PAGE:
The idea behind cross training is to elevate your performance through overall fitness, rather than training continually in the same way. Say you have consistently jogged 3 times a week for years, but then when a friend not as active as you asks you to go cross country skiing you can’t keep up. Or say you are a body builder who lifts 6+ days a week and are very strong, but then find that you are completely exhausted after a short game of tag with your kids and they aren’t even breathing hard. When you only train in one activity you can become very proficient at that activity. However, you might also realize that you are not in as good of shape as you think you are. Studies have even shown that training a lot for just one activity can increase the risk of repetitive injury.

As a Shoshin Ryu practitioner you are already cross training. You work your body and cardio through activities such as basic drills, kata, throws, ground work, and drilling self-defense techniques. Already you are working your body in a very well-rounded way, which is one reason why martial arts can be such great cross training for athletes of any other discipline. Even if you are a dedicated martial artist, though, cross training can benefit you. Besides the obvious benefits of becoming even more physically fit, it is also beneficial for your mind. If you are familiar with the path of Mastery you understand that you will spend a lot of time on a plateau during your life-time of training. Cross training can give you a different outlet to continue improving during those times that perhaps you don’t feel like you are improving with your martial arts. Perhaps it is while cross training some day that you achieve a personal best and reach a level that you didn’t think you were capable of. If you can shatter boundaries in your cross training you can surely achieve the same in your art.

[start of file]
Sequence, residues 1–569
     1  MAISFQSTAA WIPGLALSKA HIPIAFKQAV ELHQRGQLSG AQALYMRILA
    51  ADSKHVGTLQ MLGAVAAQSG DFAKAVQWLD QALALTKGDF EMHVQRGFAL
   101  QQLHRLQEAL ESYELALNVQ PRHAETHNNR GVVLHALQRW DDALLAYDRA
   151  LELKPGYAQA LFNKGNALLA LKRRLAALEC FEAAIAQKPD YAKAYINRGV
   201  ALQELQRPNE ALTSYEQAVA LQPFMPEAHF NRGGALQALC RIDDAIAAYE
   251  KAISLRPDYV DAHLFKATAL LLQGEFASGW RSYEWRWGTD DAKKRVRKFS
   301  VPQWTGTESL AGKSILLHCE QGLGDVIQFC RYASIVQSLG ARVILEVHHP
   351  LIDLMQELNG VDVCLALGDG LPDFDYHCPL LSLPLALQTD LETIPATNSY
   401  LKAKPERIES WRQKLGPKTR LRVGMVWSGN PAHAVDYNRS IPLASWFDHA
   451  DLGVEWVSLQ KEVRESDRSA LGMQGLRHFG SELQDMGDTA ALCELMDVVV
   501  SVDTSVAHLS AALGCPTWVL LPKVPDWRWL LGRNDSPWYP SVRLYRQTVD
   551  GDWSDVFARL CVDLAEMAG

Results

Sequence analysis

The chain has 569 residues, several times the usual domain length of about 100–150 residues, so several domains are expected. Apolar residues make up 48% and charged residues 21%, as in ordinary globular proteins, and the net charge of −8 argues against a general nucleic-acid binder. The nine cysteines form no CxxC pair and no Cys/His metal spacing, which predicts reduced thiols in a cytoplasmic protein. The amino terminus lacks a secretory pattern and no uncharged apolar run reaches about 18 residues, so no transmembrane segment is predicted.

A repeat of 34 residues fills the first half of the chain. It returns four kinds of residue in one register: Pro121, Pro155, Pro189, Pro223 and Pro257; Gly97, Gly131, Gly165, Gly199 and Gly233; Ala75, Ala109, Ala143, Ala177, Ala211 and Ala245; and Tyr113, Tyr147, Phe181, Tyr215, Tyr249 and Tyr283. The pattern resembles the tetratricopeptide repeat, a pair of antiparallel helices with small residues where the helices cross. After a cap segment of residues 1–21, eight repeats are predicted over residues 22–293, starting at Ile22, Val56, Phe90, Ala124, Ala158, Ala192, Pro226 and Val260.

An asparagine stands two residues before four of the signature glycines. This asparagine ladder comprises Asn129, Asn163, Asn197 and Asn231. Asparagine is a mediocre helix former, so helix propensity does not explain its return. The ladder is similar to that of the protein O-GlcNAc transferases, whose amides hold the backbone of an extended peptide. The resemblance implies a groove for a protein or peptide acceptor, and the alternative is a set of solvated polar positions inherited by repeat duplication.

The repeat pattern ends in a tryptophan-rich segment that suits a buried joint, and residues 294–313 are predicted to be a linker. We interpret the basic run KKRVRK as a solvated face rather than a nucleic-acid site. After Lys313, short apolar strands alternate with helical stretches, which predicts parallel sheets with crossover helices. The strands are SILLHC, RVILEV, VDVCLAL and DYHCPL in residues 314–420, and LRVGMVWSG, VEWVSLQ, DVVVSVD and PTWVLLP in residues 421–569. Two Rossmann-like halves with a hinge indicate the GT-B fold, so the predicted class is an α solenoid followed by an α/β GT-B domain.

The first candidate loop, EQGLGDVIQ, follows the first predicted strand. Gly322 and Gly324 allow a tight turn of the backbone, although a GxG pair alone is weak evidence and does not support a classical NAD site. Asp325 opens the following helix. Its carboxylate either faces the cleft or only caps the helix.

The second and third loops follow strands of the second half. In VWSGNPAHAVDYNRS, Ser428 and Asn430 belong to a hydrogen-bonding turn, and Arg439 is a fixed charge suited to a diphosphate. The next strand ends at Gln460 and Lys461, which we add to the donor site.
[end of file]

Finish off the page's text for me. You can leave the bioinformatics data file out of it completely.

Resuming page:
There are many types of cross training. Weight lifting, cycling, running, swimming, rowing, cross fit, interval training, rock climbing, rollerblading, hiking are just a handful of the many ways you can cross train. You can stay more socially active while you hike or cycle with a friend who maybe doesn’t do martial arts, or enjoy your own training and solitude while you forge yourself through committed training. If you don’t incorporate cross training in your workouts it is something to seriously consider. If you already do incorporate cross training in your workout plan, great! Now use it as a way to not only improve your physical fitness, but also as a way to elevate your martial arts training!

The Progression of Rank in Shoshin Ryu Jujitsu

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People often ask “what is the order of belts in Shoshin Ryu”. In the adult curriculum the order is White, Yellow, Blue, Green, Brown 3, Brown 2, Brown 1 and Black. Each rank has new kata, throws, ground work techniques and added Gojinjitsu (self defense). With each rank there are added requirements in regards to proficiency in previously learned material as well as emphasis on certain types of motion. In the Shoshin Ryu curriculum concepts are interwoven throughout the belt ranks as well.

As a White belt, students are given a set of kihon (basics), a few kata, a throw and lots of gojinjitsu as well as the basics for ukemi (rolls/falls). The goal for the beginning student is to memorize the techniques, not so much to replicate them at blinding speed but rather to “know” the sequence of moves by recalling them from memory. Everything that is learned is used to provide a foundation of general motion. Knowing how to properly execute each technique, be it a strike or a kata, from the very beginning aids in the ease of learning later on in one’s path to Shodan (1st degree black belt).

Once tested and promoted to Yellow belt, the emphasis is much the same as White belt. More kata, throws, newaza (ground work) and gojinjitsu are added. Additional kihon are introduced and drilled. By this time, the student has been training for a significant time and repetition is the focus. All the curriculum learned as a White belt are still practiced with the expectation that the time it takes for the mind to recall the correct move lessens. Techniques are still coming from memory but from the viewpoint of someone watching, it may look like the techniques are instantaneous. Less effort is required to perform a throw, the rolls are more quiet and become more natural. Lines in motion become cleaner, tension is less and as a result, your body moves faster. Students feel more acclimated to the dojo and typically are less apprehensive about learning something new. Yellow belts also learn to become a better uke (attacker) during self defense and provide more realistic feedback for their partner to work with and improve.